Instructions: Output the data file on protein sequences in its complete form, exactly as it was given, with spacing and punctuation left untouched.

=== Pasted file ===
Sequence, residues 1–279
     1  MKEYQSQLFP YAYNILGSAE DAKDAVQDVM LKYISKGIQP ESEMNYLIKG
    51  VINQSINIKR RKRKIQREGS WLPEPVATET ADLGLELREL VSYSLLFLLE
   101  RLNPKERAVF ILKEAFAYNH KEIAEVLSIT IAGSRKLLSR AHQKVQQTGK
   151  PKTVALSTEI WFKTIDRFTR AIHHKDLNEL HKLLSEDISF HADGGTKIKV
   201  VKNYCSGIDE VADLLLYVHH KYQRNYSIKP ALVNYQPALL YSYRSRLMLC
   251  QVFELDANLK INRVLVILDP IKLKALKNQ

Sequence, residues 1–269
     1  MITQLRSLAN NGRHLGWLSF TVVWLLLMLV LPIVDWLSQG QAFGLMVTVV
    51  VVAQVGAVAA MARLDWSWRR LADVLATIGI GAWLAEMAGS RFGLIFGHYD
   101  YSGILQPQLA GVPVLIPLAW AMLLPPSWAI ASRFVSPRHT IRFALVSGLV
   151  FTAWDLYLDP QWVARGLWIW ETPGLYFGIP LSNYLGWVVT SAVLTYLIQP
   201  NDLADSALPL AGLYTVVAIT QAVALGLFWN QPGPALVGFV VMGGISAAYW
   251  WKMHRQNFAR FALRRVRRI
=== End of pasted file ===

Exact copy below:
Sequence, residues 1–279
     1  MKEYQSQLFP YAYNILGSAE DAKDAVQDVM LKYISKGIQP ESEMNYLIKG
    51  VINQSINIKR RKRKIQREGS WLPEPVATET ADLGLELREL VSYSLLFLLE
   101  RLNPKERAVF ILKEAFAYNH KEIAEVLSIT IAGSRKLLSR AHQKVQQTGK
   151  PKTVALSTEI WFKTIDRFTR AIHHKDLNEL HKLLSEDISF HADGGTKIKV
   201  VKNYCSGIDE VADLLLYVHH KYQRNYSIKP ALVNYQPALL YSYRSRLMLC
   251  QVFELDANLK INRVLVILDP IKLKALKNQ

Sequence, residues 1–269
     1  MITQLRSLAN NGRHLGWLSF TVVWLLLMLV LPIVDWLSQG QAFGLMVTVV
    51  VVAQVGAVAA MARLDWSWRR LADVLATIGI GAWLAEMAGS RFGLIFGHYD
   101  YSGILQPQLA GVPVLIPLAW AMLLPPSWAI ASRFVSPRHT IRFALVSGLV
   151  FTAWDLYLDP QWVARGLWIW ETPGLYFGIP LSNYLGWVVT SAVLTYLIQP
   201  NDLADSALPL AGLYTVVAIT QAVALGLFWN QPGPALVGFV VMGGISAAYW
   251  WKMHRQNFAR FALRRVRRI